Tuesday, 4 February 2014


Democracy (Greek demos,”the people”; kratein, “to rule”), political system in which the people of a country rule through any form of government they choose to establish. In modern democracies, supreme authority is exercised for the most part by representatives elected by popular suffrage. The representatives may be supplanted by the electorate according to the legal procedures of recall and referendum, and they are, at least in principle, responsible to the electorate. In many democracies, such as the United States, both the executive head of government and the legislature are elected. In typical constitutional monarchies such as the United Kingdom and Norway, only the legislators are elected, and from their ranks a cabinet and a prime minister are chosen.
Although often used interchangeably, the terms democracy and republic are not synonymous. Both systems delegate the power to govern to their elected representatives. In a republic, however, these officials are expected to act on their own best judgment of the needs and interests of the country. The officials in a democracy more generally and directly reflect the known or ascertained views of their constituents, sometimes subordinating their own judgment.
Rule by the people played an important part in the democracies of the pre-Christian era. The democracies of the city-states of classical Greece and of Rome during the early years of the Republic were unlike the democracies of today. They were direct democracies, in which all citizens could speak and vote in assemblies that resembled New England town meetings. Representative government was unknown and unnecessary because of the small size of the city-states (almost never more than 10,000 citizens). Ancient democracy did not presuppose equality of all individuals; the majority of the populace, notably slaves and women, had no political rights. Athens, the greatest of the city democracies, limited the franchise to native-born citizens. Roman democracy resembled that of the Greeks, although Rome sometimes granted citizenship to men of non-Roman descent. The Roman Stoic philosophy, which defined the human race as part of a divine principle, and the Jewish and Christian religions, which emphasized the rights of the underprivileged and the equality of all before God, contributed to the development of modern democratic theory.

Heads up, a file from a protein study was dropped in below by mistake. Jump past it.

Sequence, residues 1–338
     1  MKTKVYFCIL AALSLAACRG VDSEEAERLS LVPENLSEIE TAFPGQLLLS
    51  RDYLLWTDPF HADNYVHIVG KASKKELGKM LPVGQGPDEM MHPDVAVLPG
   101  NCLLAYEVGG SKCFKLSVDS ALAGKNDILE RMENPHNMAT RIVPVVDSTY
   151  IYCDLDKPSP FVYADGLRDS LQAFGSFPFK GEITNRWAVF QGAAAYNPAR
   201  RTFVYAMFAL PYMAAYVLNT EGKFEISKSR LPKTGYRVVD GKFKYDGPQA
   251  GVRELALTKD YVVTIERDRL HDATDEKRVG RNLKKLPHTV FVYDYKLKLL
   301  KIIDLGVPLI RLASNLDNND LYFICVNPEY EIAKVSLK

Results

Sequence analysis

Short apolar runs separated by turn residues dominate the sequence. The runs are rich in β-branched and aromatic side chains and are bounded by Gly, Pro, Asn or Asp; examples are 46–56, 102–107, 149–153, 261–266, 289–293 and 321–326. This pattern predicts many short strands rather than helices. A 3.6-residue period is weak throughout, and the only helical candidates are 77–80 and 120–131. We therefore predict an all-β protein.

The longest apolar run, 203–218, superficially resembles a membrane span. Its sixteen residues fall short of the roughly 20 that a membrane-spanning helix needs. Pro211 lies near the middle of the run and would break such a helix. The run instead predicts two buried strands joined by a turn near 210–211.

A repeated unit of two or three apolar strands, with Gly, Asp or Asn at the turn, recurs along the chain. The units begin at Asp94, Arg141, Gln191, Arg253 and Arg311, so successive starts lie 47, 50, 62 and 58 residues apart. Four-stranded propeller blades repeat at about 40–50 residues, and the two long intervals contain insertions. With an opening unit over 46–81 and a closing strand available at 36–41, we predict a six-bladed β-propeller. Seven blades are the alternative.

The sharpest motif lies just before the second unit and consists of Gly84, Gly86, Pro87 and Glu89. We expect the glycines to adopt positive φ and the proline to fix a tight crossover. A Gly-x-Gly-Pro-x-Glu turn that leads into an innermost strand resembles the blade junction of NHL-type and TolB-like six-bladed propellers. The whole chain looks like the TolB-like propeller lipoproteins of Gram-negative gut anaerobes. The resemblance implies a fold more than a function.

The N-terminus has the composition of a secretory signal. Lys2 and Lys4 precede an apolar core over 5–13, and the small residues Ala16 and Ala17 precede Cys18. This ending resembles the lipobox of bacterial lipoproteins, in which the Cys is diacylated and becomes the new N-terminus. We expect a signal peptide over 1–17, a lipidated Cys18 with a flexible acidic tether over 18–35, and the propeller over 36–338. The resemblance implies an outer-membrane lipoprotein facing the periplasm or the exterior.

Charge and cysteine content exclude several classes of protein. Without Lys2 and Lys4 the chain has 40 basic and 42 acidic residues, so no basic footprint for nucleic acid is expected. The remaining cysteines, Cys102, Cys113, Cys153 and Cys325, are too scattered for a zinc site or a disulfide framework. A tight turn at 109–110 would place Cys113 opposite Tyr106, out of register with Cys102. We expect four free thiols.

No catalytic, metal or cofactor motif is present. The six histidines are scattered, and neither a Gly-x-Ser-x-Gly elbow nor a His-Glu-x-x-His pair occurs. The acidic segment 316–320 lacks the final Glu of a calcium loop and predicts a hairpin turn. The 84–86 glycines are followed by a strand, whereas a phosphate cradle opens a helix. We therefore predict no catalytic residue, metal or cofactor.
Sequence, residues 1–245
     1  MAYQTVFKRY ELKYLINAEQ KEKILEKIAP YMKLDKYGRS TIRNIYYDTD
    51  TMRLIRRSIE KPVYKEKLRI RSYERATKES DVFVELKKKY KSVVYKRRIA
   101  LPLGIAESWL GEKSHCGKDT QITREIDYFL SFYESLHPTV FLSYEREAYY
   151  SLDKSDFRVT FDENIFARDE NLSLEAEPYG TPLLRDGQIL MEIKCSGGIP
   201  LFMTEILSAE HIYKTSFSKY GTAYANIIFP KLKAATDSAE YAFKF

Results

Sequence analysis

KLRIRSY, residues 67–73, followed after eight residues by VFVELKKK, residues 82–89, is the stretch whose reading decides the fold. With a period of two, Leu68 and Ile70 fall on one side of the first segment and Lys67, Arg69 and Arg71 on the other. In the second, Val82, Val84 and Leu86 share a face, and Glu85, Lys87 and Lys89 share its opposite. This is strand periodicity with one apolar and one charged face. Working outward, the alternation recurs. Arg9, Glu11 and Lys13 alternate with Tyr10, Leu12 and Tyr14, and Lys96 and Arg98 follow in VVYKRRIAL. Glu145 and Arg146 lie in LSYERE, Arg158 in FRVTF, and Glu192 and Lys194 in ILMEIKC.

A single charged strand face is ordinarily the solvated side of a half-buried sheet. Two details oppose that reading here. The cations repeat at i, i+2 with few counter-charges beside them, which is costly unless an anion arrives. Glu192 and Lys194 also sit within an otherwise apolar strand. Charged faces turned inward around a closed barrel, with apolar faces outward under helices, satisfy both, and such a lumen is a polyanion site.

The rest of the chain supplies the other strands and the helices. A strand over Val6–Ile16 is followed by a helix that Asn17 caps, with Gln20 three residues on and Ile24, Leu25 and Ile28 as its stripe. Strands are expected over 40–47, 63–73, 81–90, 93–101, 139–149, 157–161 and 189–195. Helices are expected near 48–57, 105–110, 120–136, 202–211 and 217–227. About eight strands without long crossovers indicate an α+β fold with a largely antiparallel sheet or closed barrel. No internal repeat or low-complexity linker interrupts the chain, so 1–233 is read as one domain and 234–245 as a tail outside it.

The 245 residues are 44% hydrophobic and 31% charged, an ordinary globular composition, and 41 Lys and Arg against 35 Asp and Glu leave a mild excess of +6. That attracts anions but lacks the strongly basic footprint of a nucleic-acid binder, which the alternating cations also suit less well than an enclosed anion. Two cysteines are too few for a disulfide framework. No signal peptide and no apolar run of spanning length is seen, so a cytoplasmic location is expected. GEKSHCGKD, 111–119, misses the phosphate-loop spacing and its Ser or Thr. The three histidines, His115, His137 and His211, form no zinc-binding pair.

The Roman Republic ended in the despotism of the empire. The free cities of Italy, Germany, and Flanders carried on the democratic tradition and applied some principles of democracy during the Middle Ages. Slaves ceased to constitute a major portion of national populations. As feudalism ended, a rich commercial middle class arose, possessing the money and leisure necessary to participate in governmental affairs. One result was the rebirth of a spirit of freedom based on ancient Greek and Roman principles. Concepts of equal political and social rights were further defined during the Renaissance, when the development of humanism was fostered, and later during the Reformation, in the struggle for religious freedom.
Beginning with the first popular rebellion against monarchy in England (1642), which was brought to a climax by the execution of King Charles I, political and revolutionary action against autocratic European governments resulted in the establishment of democratic governments. Such action was inspired and guided largely by political philosophers, notably the French philosophers Montesquieu and Jean Jacques Rousseau, and the American statesmen Thomas Jefferson and James Madison. Before the end of the 19th century, every important Western European monarchy had adopted a constitution limiting the power of the Crown and giving a considerable share of political power to the people. In many of these countries, a representative legislature modeled on the British Parliament was instituted. British politics was then possibly the greatest single influence on the organization of world democracies, although the French Revolution also exerted a powerful influence. Later, the success of democratic institutions in the United States served as a model for many peoples.
The major features of modern democracy include individual freedom, which entitles citizens to the liberty and responsibility of shaping their own careers and conducting their own affairs; equality before the law; and universal suffrage and education. Such features have been proclaimed in great historic documents, for example, the U.S. Declaration of Independence, which asserted the right to life, liberty, and the pursuit of happiness; the French Declaration of the Rights of Man and of the Citizen, which affirmed the principles of civil liberty and of equality before the law; and the Atlantic Charter, which formulated the four basic freedoms.
By the middle of the 20th century, every independent country in the world, with only a few exceptions, had a government that, in form if not in practice, embodied some of the principles of democracy. Although the ideals of democracy have been widely professed, the practice and fulfillment have been different in many countries.

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